Posts Tagged ‘marthafinley’

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The Two Elsies and Elsie’s Kith and Kin

April 8, 2008

I haven’t been keeping up with writing about the Elsie books as I read them, but let’s forget about that and skip to book #11, The Two Elsies. The two Elsies in question are probably the original Elsie and her eldest daughter, but neither of them is particularly central to the story and several people have babies named Elsie at this point.

Anyway, a little background: in book #8, Elsie’s second daughter and third child, Violet, married Captain Raymond, a naval man and a widower with three children. Captain Raymond is away at sea much of the time, so Elsie and her father — he and his wife kind of moved in with Elsie after Mr. Travilla died in book #7 — say that the kids can come live with them (Violet is continuing to live at home, too). Max, the eldest, is kind of hasty and impulsive, but basically a good kid. Lulu has a bad temper that she has trouble controlling (in other words, she has a backbone, which means that she’s kind of alone in this series) but she is also scrupulously honest. Grace is a sickly but gentle little girl who soon becomes nearly as religious as Elsie was at her age. At this point, the books start to focus in on Lulu and her father, reworking the father daughter relationship that was so creepy in the earliest Elsie books, except that in this version, Lulu is pretty much always in the wrong, and also there’s a fair amount of corporal punishment, described in more detail than I wanted to read. Read the rest of this entry ?

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Elsie’s Motherhood

February 28, 2008

Elsie’s Motherhood is kind of weird because it’s sort of all about the Ku Klux Klan. Seriously.

The Civil War is over; Elsie has used her ridiculously large fortune to rebuild not only Ion, the Travilla plantation, but also the plantations of, like, all her friends and family. But only if they’re good Christians, I guess, so the Travillas’ near neighbors the Fosters are forced to sell their plantation to a northern family named Leland and move into a tiny shack. I would’ve thought the price of a plantation, even a post-Civil War cheap plantation, would be enough to pay for a new home that wasn’t, like, a hut, especially since the Lelands are Elsie’s sort of people and would likely have given more than the place was worth. But apparently not. Read the rest of this entry ?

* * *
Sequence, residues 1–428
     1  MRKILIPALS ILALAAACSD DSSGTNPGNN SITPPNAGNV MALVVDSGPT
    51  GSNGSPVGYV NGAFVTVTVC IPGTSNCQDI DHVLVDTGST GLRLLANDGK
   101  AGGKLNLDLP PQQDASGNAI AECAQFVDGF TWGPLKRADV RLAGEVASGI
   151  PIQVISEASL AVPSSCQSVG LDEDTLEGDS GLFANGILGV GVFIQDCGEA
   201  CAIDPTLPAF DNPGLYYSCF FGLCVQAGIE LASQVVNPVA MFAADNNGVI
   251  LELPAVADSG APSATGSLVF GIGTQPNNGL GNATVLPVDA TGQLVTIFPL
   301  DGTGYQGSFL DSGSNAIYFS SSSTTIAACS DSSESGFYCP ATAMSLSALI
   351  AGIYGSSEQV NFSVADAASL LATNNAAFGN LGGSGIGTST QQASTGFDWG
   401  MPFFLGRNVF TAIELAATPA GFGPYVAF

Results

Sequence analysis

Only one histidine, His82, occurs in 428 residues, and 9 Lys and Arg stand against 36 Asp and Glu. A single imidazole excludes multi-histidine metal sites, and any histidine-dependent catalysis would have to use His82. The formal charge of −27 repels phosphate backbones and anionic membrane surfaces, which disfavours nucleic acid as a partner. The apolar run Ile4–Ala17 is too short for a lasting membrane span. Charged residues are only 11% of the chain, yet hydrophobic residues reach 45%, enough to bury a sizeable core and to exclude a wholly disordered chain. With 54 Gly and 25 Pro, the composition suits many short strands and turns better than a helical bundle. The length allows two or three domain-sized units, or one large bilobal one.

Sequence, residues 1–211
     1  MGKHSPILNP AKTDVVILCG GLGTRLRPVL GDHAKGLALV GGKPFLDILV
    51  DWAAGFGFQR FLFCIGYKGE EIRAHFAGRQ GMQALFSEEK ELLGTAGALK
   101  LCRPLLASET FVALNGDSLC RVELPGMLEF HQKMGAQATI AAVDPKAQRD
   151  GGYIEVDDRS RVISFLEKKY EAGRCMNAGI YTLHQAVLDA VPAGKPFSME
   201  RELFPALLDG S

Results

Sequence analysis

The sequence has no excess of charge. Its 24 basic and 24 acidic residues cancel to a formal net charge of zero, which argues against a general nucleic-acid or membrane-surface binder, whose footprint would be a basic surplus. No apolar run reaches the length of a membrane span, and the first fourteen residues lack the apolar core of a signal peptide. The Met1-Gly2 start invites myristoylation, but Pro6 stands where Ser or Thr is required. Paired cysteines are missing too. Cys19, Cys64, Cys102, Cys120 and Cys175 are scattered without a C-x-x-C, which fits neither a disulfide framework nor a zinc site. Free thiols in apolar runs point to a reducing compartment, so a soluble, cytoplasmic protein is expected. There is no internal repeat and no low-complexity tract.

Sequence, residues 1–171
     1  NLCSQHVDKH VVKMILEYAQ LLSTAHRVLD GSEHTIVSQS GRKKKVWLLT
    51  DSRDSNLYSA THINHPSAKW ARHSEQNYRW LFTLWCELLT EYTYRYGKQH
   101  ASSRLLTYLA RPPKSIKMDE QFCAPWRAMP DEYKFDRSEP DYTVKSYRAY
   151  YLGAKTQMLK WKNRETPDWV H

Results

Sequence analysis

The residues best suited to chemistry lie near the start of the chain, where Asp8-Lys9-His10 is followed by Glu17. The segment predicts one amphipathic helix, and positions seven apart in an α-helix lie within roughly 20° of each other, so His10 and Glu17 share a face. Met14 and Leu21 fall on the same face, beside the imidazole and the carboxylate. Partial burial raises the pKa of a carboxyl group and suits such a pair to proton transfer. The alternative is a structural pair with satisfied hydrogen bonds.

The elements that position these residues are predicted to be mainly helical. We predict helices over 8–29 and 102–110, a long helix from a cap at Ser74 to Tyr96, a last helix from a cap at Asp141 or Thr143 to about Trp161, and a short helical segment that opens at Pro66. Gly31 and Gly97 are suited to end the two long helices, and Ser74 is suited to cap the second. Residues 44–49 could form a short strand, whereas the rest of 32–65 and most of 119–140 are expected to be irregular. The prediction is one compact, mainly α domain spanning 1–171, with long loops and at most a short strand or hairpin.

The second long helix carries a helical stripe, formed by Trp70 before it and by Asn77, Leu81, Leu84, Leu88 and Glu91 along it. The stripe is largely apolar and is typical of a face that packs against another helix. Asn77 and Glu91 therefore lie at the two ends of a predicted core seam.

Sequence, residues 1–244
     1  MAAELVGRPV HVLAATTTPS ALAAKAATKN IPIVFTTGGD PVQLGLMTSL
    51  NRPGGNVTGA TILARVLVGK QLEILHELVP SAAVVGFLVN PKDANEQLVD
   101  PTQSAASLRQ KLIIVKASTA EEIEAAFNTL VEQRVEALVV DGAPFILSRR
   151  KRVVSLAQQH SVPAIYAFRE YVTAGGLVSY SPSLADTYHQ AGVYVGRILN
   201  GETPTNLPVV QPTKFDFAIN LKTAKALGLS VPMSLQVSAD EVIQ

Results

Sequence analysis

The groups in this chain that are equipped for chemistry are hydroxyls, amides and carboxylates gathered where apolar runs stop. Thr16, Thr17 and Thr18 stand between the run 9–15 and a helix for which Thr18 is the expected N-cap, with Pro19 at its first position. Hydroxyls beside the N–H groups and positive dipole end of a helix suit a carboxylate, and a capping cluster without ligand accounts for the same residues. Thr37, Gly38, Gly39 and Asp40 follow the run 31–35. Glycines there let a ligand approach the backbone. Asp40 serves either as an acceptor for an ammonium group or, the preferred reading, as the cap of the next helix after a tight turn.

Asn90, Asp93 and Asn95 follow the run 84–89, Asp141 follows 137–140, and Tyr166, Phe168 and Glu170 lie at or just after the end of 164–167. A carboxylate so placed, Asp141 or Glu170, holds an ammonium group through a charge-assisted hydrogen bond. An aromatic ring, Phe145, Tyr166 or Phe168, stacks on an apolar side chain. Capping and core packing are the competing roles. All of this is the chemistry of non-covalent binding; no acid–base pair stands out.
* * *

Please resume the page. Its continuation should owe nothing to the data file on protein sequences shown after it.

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Elsie’s Womanhood

February 7, 2008

Elsie’s Womanhood is kind of bizarre and segmented. First there’s the bit where Elsie and Mr. Travilla tell everyone that they’re engaged, and the reactions are an entertaining mix of not at all surprised and disturbed by the age difference. Which, you know, was pretty much my reaction too. This bit also includes Elsie’s uncle Arthur — you know, the one who set Tom Jackson on her — telling her that he wouldn’t mind marrying her himself. It’s as if the fact that her father has allowed her to become engaged has left a vaguely incestuous blank that desperately needed to be filled. And now that’s been done, so let’s move on. Read the rest of this entry ?

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Elsie’s Girlhood

February 6, 2008

When Elsie’s Girlhood begins, Elsie and her father are traveling with Rose Allison and her brother Edward. Rose had paid a visit to the Dinsmores at Roselands before Mr. Dinsmore returned from Europe, and because they were the only two serious Christians in the house — not counting the slaves, of course — they became very good friends. And since Mr. Dinsmore is now an avid Christian too, and because Rose is very attractive, and because something needs to be done to save him from the designing Miss Stevens, they fall in love and get engaged. Elsie is very pleased, and gladly promises to call Rose “mamma”.

So Mr. Dinsmore and Rose get married and go back to The Oaks, and they and Elsie live very happily together. One day Elsie comes downstairs for breakfast or something and finds her father sitting there alone.

Elsie: Where is mamma?

Mr. D: Oh, upstairs. But look at what I’ve got here!

Elsie: A baby! But where did it come from?

Mr. D: It’s your brother!
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Elsie Dinsmore and Holidays at Roselands

January 31, 2008

Okay, I should really be working on this week’s assignment for my thesis class, but first I need to talk a little about Elsie Dinsmore.

It should come as a surprise to no one that I’m writing my thesis on old children’s books — girls’ series, mostly from the early 20th century — and this week I’ve been reading the first couple of Elsie Dinsmore books. The Elsie books were written my Martha Finley and ran from 1867 to 1905. There are 28 books, but Elsie is a grandmother by book eight. Actually a grandmother, as opposed to behaving like a grandmother, which she does right from the beginning.
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